‘Twas the night before Christmas, when all through the house

Not a creature was stirring, not even a mouse;

The stockings were hung by the chimney with care,

In hopes that St. Nicholas soon would be there;

The children were nestled all snug in their beds;

While visions of sugar-plums danced in their heads;

Excerpt from A Visit from St. Nicholas by Clement Clarke Moore


Fellow blogger Dor from Virginia Views in a recent post stated “I’m not sure what a sugar plum is exactly,” which got me wondering,  just what were sugar-plums anyhow? So with the help of Google search, I found out that they were a tasty concoction of nuts, dried fruit and spices rolled in sugar. They sounded like a healthier alternative to traditional cookies and candy that are ubiquitous during the holidays.

I chose a recipe from Nourished Kitchen that promised to be close to the original Victorian and made a few batches to give away as holiday gifts. Easy and fun to make, the toughest part is remembering to soak the nuts ahead of time. I adjusted the recipe by halving the amount of prunes and substituting Turkish apricots. I imagine any combination of dried fruit could be used, such as cranberries, raisins or figs. It would be fun to experiment with different batches. I think I may try cranberries, apricots and figs (or raisins) to compliment the orange zest/spice flavors. I recommend buying small amounts from the bulk section of your local health food store for the freshest spices, fruit and nuts.

After mixing in food processor, form balls

After mixing in food processor, form balls

Roll balls in unrefined sugar or finely shredded coconut

Roll balls in unrefined sugar or finely shredded coconut

As we exchanged comments on her post, I promised to share the recipe if I was successful in my search. So thanks to Dor, I’ve experienced ‘the vision of sugar-plums dancing in my head!’ Happy Holidays to all!

About Eliza Waters

Gardener, writer, photographer, naturalist
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23 Responses to Sugar-Plums

  1. Geraldine says:

    Yummm…these sound delish. I always wondered what these actually were too.

    Have a lovely holiday season Eliza and all the best in 2015. 🙂

  2. Wow, what an informative post. Lots of fun and interesting facts, that end in sugarplums. 🙂 thank you.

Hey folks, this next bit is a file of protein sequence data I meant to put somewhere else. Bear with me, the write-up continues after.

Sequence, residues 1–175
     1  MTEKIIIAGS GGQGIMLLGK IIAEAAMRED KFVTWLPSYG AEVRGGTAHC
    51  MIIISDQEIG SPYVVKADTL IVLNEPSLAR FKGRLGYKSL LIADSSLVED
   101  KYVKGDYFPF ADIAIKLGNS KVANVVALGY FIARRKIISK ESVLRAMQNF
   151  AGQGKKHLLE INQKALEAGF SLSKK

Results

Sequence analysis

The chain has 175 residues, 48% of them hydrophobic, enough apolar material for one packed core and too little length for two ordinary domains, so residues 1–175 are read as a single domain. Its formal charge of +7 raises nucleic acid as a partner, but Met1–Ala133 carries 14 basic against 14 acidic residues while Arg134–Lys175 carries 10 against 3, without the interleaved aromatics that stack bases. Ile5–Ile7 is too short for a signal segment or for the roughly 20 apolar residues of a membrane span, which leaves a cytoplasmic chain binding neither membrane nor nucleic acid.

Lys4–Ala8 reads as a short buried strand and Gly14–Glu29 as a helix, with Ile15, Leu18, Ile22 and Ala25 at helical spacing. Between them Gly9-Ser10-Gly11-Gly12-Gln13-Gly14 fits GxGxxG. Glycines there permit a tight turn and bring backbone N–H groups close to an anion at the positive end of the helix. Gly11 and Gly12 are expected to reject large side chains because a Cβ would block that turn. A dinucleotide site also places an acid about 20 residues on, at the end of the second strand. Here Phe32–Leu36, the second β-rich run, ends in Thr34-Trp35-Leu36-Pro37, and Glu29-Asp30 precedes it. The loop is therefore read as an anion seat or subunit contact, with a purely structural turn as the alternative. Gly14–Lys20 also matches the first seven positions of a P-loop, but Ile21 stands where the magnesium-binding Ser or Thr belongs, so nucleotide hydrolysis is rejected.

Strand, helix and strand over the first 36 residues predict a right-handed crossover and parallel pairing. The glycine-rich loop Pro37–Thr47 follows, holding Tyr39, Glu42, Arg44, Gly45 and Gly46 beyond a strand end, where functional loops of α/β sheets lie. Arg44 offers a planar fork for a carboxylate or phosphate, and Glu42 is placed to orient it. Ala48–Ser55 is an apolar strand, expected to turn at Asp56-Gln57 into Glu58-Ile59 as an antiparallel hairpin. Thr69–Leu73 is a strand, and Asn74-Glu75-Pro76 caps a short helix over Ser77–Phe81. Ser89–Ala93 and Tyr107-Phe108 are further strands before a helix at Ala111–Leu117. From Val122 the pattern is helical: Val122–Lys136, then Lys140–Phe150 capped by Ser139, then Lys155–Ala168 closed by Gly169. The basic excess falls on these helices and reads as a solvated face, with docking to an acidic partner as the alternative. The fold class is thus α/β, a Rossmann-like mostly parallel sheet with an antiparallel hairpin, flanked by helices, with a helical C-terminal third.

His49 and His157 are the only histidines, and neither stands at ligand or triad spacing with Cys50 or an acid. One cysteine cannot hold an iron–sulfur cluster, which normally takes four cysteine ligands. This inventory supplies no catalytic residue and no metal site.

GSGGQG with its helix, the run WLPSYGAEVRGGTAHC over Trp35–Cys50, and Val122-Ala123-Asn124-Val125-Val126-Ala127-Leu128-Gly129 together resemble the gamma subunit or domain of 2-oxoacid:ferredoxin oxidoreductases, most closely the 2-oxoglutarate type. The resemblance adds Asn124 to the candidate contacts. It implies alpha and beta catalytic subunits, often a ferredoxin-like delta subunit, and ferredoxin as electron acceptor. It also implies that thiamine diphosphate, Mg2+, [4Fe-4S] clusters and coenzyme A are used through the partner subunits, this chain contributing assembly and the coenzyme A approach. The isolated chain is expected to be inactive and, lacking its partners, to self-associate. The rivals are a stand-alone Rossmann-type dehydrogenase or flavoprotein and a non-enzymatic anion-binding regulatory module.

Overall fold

3. Eliza, those look absolutely delicious! What a beautiful gift, and yes, a healthy treat! We love Turkish apricots, and I’m glad you switched out some of the prunes for apricots. Back in the day, I used to use dried prunes in my fruitcakes. Eventually I learned my cakes had become a running joke in the extended family due to the prunes…. Merry Christmas! Elizabeth

  4. ladygrace33 says:

    I suddenly got craving for something sweet now. Enjoy your sugar-plums and have a beautiful season.

  5. And now more than just visions of sugarplums can dance through out heads. Thanks so much, Eliza.

  6. seedbud says:

    mmmmmm I bet the turkish apricots make them sublime! Sugar plums… GMTA 🙂 Happy Holidays Eliza!

  7. margber says:

    Happy Holidays, Eliza!! 😊

  8. dorannrule says:

    Hurrah! Now I really know what I’m dreaming about when I dream about sugar plums! Thanks too for the pingback Eliza and the mention! Also thanks for sending me some of the real sugar plums! They are delicious! 🙂 And what a wonderful gift to actually cross over from the blog-us-fear to real life. I can’t tell you how special it was to open that mysterious package.

    • Eliza Waters says:

      I am glad you got them – you inspired me! They will likely become a tradition and I’ll always remember you, who gave me the idea! 🙂 I hope you like them – Merry Christmas!

  9. mk says:

    What a delightful post, Eliza. So much about holiday traditions are around food that we all imagine we know, but really are just mysteries! One year for vacation we spent Christmas in London. I was astonished and pleased to see vendors on the street actually roasting chestnuts. I think it very adventurous of you to create holiday sugar plums. I’m impressed.

    • Eliza Waters says:

      😀 I’m glad you are so easy to impress 🙂 I am much more impressed that you took a holiday in London! That much have been quite special.

      • mk says:

        It happened to have been the coldest winter since WWII. We stood in line for hours to hear Christmas carols in Westminster Abbey. I soon realized what a mistake it was to drink several hot chocolates in the cold, with hours yet to wait. 😉 We spent New Years in Amsterdam, where again it was so cold that the canals froze. Having found a mexican restaurant there, it was fun to watch people eat tacos with a fork & knife. I suppose they thought my table manners were odd, too.

      • Eliza Waters says:

        Cultural exchanges! 😉

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